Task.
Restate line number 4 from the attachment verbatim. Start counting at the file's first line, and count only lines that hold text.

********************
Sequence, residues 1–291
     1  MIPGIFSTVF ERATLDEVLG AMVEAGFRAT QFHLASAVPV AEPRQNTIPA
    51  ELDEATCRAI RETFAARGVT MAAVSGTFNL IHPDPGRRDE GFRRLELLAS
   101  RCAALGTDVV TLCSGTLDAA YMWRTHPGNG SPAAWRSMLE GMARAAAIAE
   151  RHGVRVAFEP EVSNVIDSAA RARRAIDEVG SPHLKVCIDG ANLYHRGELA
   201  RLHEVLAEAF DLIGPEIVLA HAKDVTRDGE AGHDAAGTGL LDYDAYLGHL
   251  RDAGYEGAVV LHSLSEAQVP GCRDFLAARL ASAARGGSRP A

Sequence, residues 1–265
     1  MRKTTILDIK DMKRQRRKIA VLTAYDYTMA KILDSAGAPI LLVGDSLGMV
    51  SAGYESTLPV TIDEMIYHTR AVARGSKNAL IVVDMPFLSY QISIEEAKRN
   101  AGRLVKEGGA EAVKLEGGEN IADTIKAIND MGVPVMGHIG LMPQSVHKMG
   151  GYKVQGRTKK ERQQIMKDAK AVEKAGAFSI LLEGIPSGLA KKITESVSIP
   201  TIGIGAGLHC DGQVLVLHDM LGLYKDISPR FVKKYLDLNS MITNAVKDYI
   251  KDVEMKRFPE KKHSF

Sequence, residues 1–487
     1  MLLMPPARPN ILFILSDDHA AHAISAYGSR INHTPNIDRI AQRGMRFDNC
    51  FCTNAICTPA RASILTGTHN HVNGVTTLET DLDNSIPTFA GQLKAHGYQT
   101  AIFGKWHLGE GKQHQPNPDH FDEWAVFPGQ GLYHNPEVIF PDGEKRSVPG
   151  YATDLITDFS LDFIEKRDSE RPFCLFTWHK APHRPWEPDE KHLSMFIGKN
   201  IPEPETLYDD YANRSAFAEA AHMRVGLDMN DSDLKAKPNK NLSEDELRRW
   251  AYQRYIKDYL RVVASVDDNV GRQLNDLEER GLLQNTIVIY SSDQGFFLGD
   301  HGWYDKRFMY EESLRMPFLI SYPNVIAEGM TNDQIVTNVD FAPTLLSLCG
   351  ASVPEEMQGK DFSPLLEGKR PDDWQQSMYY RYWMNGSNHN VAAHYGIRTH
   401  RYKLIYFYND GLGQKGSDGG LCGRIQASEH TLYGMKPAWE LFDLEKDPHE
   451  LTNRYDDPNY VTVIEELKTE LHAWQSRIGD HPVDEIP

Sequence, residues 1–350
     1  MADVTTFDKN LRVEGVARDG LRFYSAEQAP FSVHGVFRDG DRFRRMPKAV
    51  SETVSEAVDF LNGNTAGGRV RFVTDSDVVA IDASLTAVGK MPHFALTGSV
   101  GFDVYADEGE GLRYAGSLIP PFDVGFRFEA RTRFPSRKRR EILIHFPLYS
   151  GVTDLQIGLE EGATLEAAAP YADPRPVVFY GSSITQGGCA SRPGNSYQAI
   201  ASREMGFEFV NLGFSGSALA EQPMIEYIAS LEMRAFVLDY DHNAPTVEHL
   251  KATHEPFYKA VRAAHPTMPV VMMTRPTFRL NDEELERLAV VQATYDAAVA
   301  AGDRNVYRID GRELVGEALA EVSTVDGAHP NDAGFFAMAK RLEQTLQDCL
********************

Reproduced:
   101  RCAALGTDVV TLCSGTLDAA YMWRTHPGNG SPAAWRSMLE GMARAAAIAE